While nearly three-fourths of Americans are concerned about the local drop in home values, respondents expect to see more stability in the near future. Nearly seven in 10 expect local home prices to remain about the same in the next three months; only 18 percent expect prices to further decrease. The drop in prices has improved affordability, and consequently, concerns about the lack of affordable housing are the lowest they’ve been in seven years of polling – 34 percent say it’s one of their biggest worries, down from 41 percent two years ago.

Foreclosures remain a real concern among survey respondents. Slightly more than half (51 percent) say foreclosures are a big to moderate problem in their area. However, the rate of foreclosures is generally seen as stabilizing; 41 percent say the rate of foreclosures in their area is about the same as last year.

Ninety-two percent of respondents said neither they nor members of their immediate family have experienced a foreclosure in the past year, yet it is still a personal concern for many. One in five respondents said they are very or fairly worried that they will have difficulty making their mortgage payments over the next year. Thirty-two percent say it’s a big or moderate worry that they, or a member of their family, may have their home repossessed or foreclosed because they are unable to pay rising monthly mortgage payments.

In 2008, more than half of respondents (54 percent) were open to the federal government taking a more active role in overseeing mortgage and lending practices – the number dropped this year to 47 percent. This could be because 42 percent of Americans believe the country is back on the right track, more than double the number last year (16 percent).

Regarding financing, seven in 10 Americans cite a lack of confidence in their ability to be approved for a home loan as an obstacle to homeownership. The same number also say that banks are making it too hard to qualify for a loan (71 percent) and that fewer mortgage options offered by banks have made it harder for them to buy a home (71 percent). The perception of qualifying for a loan as a huge obstacle is especially high among minorities.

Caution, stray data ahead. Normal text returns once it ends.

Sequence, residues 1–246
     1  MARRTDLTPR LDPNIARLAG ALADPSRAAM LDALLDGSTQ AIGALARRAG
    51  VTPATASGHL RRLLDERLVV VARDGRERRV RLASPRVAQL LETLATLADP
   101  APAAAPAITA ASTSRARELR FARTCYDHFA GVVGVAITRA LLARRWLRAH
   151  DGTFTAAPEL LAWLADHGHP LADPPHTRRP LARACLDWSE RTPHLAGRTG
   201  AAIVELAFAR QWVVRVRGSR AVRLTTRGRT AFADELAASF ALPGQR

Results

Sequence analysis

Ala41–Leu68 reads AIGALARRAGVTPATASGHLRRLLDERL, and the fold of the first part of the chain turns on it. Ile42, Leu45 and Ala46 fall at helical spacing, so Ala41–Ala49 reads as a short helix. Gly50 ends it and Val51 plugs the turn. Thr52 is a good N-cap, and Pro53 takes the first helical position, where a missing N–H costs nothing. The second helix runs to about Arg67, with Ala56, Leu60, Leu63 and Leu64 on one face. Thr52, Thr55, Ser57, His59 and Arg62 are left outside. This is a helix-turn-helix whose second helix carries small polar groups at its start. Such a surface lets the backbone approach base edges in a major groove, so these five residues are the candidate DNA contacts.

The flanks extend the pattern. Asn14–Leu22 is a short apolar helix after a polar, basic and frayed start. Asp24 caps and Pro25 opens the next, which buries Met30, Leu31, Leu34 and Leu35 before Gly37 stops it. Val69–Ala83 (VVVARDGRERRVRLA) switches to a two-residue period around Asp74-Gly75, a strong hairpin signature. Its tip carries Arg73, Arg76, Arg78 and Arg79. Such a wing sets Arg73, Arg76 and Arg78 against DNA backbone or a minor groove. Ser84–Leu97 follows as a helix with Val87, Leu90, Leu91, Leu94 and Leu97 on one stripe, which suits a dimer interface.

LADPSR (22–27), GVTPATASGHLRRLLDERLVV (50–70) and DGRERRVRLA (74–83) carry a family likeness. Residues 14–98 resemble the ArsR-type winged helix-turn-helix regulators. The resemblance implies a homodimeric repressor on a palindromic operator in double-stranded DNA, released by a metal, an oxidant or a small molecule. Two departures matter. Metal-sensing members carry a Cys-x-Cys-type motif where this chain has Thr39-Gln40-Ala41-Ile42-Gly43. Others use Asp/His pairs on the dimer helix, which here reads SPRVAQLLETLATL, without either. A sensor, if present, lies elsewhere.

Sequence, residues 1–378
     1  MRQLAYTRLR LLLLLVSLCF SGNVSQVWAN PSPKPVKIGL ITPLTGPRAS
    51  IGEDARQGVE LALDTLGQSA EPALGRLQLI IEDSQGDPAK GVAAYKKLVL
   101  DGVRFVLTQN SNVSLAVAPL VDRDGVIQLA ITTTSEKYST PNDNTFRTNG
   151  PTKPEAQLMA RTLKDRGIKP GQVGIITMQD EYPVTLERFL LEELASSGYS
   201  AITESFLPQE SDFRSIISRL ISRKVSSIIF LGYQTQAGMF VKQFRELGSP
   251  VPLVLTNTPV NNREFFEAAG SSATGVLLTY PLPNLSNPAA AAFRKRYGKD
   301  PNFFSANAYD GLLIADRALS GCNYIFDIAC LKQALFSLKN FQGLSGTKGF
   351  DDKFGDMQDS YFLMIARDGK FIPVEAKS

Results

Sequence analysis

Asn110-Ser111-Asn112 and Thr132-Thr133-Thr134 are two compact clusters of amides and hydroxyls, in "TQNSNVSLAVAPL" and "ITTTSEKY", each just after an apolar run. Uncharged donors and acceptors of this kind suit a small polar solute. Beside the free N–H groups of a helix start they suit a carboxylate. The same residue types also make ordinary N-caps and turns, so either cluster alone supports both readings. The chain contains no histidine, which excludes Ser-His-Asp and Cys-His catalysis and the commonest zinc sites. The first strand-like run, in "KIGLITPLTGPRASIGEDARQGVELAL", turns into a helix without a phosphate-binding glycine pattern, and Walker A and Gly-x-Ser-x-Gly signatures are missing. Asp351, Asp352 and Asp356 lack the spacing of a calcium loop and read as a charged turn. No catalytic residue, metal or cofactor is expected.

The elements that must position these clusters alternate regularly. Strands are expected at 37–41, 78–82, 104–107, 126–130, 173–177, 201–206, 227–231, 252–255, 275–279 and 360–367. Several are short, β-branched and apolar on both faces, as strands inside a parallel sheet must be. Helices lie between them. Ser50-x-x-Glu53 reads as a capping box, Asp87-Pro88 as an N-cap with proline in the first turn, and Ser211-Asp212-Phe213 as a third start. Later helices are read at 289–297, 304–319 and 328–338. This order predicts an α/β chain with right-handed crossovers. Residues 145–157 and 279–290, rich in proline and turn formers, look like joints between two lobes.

“Home buyers need protection from risky lending products but also need access to mortgages at a reasonable cost. While there has been some easing of credit in the mortgage market, the availability of credit continues to be an issue for many qualified home buyers,” said McMillan.

The 2009 National Housing Pulse Survey is conducted by American Strategies and Myers Research & Strategic Services for NAR’s Housing Opportunity Program. The telephone survey was among 1,250 adults living in the 25 most populous metropolitan statistical areas. The study has a margin of error of plus or minus 3.1 percentage points.

NAR’s Housing Opportunity Program,, was created in 2002 to encourage local Realtor® associations to create initiatives aimed directly at increasing housing opportunities available to consumers and making affordable housing more readily available in their communities.

The National Association of Realtors®, “The Voice for Real Estate,” is America’s largest trade association, representing 1.2 million members involved in all aspects of the residential and commercial real estate industries.

Existing-Home Sales Up Again

Washington, July 23, 2009

Existing-home sales rose for the third consecutive month with inventory easing and home prices declining less sharply in June, according to the National Association of Realtors®.

Existing-home sales – including single-family, townhomes, condominiums and co-ops – increased 3.6 percent to a seasonally adjusted annual rate1 of 4.89 million units in June from a downwardly revised pace of 4.72 million in May, but are 0.2 percent lower than the 4.90 million-unit level in June 2008.

Lawrence Yun, NAR chief economist, is hopeful about the gain. “The increase in existing-home sales occurred in all major regions of the country,” he said. “We expect a gradual uptrend in sales to continue due to tax credit incentives and historically high affordability conditions. Despite the rise in closed transactions, many Realtors® are reporting lost sales as a result of new appraisal standards that went into effect May 1 of this year.”

A June survey of NAR members shows 37 percent experienced at least one lost sale as a result of the new Home Valuation Code of Conduct, with seven out of 10 reporting an increased use of out-of-area appraisers. Seventy percent of NAR appraiser members said consumers were paying higher fees, while 85 percent report a perceived reduction in appraisal quality.